Darling's Bank reforms dismissed as vague

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The chairman of the Treasury Select Committee described the Treasury's proposals for ensuring financial stability as "vague" yesterday as the Chancellor launched a 12-week consultation period on his proposed reforms.

John McFall, whose committee published its own recommendations for strengthening banking regulation at the weekend, said the system needed "grit applied to it" so that potential crises were spotted and prevented where possible.

"The financial stability links between the Bank of England and the Financial Services Authority didn't work, so we need that to be strengthened," Mr McFall said. "I am looking for a mechanism to increase the financial stability area and that is vague at the moment."

The Government's proposals rejected the Treasury Committee's call for the Bank of England to play a greater role in monitoring individual institutions. The Treasury is wary of potential conflicts of interest if the authority that checks on specific banks is responsible for overall financial stability. The FSA, which bore the brunt of Treasury Committee criticisms, will get extra supervisory powers.

But the Government plans to legislate to make the Bank of England's role in financial stability more formal. It also wants to revamp the Bank's 19-member Court to make it more like a private sector board of directors. Changes would probably include reducing the number of members and ensuring those remaining were suited to the financial stability remit.

Mr McFall welcomed most of the report, which he said drew heavily on his committee's recommendations, and hoped stronger measures would be added during the consultation period.

Alistair Darling, the Chancellor, published heavily trailed proposals yesterday to beef up regulation and deposit protection to try to prevent a repeat of the run on Northern Rock that almost caused the bank to collapse.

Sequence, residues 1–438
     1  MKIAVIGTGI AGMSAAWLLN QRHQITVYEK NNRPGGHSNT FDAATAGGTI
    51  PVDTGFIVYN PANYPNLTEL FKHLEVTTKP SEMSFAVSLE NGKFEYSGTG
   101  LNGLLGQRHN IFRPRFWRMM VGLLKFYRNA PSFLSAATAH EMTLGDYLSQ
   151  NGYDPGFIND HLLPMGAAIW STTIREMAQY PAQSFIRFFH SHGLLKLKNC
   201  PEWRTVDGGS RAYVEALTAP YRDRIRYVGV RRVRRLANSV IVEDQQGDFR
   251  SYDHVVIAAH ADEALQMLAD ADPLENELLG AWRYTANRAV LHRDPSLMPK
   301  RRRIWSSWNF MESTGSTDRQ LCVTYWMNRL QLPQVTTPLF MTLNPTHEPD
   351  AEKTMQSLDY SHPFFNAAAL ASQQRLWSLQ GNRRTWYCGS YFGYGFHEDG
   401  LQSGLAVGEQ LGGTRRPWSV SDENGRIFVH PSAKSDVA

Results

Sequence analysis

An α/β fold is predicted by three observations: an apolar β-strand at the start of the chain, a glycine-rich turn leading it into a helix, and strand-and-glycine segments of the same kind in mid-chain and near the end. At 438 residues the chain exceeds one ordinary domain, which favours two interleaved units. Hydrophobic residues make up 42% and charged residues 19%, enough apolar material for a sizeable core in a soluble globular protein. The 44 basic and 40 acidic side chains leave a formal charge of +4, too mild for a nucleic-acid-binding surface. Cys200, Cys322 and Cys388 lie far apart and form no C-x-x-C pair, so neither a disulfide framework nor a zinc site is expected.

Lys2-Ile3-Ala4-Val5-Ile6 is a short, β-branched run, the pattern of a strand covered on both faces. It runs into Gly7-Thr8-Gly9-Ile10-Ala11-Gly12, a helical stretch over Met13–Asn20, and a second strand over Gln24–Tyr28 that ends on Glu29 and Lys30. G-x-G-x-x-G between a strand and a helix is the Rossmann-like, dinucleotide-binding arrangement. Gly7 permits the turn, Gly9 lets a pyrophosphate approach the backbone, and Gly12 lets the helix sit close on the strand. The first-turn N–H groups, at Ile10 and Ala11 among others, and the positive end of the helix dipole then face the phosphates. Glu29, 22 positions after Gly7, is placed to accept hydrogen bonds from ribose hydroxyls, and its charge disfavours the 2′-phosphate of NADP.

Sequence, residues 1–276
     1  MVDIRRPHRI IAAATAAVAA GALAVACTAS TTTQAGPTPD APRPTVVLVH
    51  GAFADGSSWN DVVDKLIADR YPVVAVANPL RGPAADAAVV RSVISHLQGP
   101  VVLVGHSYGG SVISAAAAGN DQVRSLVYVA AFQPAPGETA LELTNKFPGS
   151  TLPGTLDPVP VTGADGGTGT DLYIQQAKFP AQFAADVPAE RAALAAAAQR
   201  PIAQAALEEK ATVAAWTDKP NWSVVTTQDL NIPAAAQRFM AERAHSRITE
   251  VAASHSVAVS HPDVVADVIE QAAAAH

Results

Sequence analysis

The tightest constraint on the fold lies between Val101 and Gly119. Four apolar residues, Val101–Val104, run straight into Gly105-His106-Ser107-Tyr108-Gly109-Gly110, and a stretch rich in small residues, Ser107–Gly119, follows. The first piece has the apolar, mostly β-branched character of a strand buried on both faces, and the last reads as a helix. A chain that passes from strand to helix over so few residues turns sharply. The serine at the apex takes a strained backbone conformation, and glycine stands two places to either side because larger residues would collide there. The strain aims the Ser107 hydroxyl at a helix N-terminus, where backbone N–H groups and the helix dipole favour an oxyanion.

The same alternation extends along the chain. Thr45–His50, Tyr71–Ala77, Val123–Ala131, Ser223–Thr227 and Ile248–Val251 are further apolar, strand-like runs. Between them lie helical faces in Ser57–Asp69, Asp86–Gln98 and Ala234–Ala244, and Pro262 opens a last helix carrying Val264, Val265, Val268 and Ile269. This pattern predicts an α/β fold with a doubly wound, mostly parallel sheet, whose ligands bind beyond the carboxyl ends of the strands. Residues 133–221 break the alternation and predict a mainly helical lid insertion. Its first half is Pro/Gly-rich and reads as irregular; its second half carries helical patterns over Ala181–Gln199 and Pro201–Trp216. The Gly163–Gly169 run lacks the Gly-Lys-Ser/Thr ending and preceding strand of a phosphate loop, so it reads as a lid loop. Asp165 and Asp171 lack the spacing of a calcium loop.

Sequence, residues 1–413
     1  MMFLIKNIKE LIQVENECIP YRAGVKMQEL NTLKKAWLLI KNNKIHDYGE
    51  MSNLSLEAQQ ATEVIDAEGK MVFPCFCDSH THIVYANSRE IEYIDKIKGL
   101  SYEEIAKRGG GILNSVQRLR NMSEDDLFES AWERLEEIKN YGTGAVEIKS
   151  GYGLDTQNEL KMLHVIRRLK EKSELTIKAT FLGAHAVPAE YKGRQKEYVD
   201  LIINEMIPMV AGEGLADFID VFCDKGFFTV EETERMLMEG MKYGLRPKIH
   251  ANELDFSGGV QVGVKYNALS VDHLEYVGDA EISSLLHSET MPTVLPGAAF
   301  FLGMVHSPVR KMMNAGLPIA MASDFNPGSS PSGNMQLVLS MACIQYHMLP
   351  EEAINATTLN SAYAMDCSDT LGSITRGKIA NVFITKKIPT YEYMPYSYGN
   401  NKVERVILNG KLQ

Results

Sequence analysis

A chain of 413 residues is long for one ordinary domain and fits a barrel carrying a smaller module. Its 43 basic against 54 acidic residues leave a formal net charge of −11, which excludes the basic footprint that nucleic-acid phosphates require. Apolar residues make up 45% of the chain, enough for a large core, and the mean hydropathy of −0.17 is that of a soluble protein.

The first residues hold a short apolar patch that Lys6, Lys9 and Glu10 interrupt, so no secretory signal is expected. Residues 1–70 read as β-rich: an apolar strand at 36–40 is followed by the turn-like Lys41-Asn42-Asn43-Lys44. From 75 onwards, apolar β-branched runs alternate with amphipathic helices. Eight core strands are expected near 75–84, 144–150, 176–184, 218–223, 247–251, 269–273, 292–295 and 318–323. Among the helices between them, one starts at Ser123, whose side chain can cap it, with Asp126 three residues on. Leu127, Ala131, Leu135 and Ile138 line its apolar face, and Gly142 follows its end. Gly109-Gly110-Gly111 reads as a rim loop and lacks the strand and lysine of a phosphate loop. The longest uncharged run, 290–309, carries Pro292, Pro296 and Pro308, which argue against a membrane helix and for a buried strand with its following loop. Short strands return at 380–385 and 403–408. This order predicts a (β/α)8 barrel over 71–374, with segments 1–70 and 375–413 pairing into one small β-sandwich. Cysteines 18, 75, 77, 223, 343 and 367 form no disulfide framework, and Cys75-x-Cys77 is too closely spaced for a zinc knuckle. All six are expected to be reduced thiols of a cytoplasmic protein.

The main feature of the Chancellor's proposals was a plan to allow the authorities to give a bank covert support if an announcement would hit consumer confidence. Secret assistance would only be for a short time "until the temporary problems have passed" and therefore might not have been enough to shore up Northern Rock.

There are also plans for a "special resolution regime" that would give the authorities greater powers to take control of a failing bank. The plans acknowledge the special position of lenders compared with other companies because a loss of confidence in the banking sector would undermine the whole financial system.

The Treasury also wants to speed up payment to depositors so that they would get their money more quickly than under the current arrangements. Banks have warned that "ring-fencing" depositors over other creditors could be legally tricky and increase the cost of inter-bank lending.

The banking sector has warned against over-zealous measures to protect depositors, either through a large increase in the sum covered by the depositor protection plan or a switch to banks funding the scheme upfront. Banks are concerned that upfront funding would put further strain on their funds when many are already strapped for cash.

The British Bankers' Association said: "We consider that the focus should be on simpler rules and faster payouts rather than other changes. It is essential to reflect the fact that banking problems are extremely rare in the UK, that these proposals are designed to make the system even safer, and that there would be considerable costs in setting up any new arrangement which would be unlikely ever to be needed."

The Treasury likes the idea of a pre-funded scheme because it would reassure consumers that the money was there. But it also acknowledges that tying up billions of pounds for an unlikely event might not be the best solution.

Banks have warned that the scheme – which UBS analysts have said could cost UK lenders nearly £3bn a year – would lead to lower interest on savings.

The depositor protection scheme now covers all of the first £35,000 of savings with any institution. The Treasury said yesterday that the current sum protects 97 per cent of deposits. Banks have argued that the level does not need to be raised but many expect the sum to be increased to £50,000, roughly in line with the US scheme at today's currency prices.

The consultation would keep responsibility for banking regulation shared between the Treasury, the Bank of England and the Financial Services Authority. The system was introduced in 1997 by the Prime Minister when, as Chancellor, he gave the Bank of England independence on monetary policy. But flaws in the process were exposed by the Northern Rock crisis.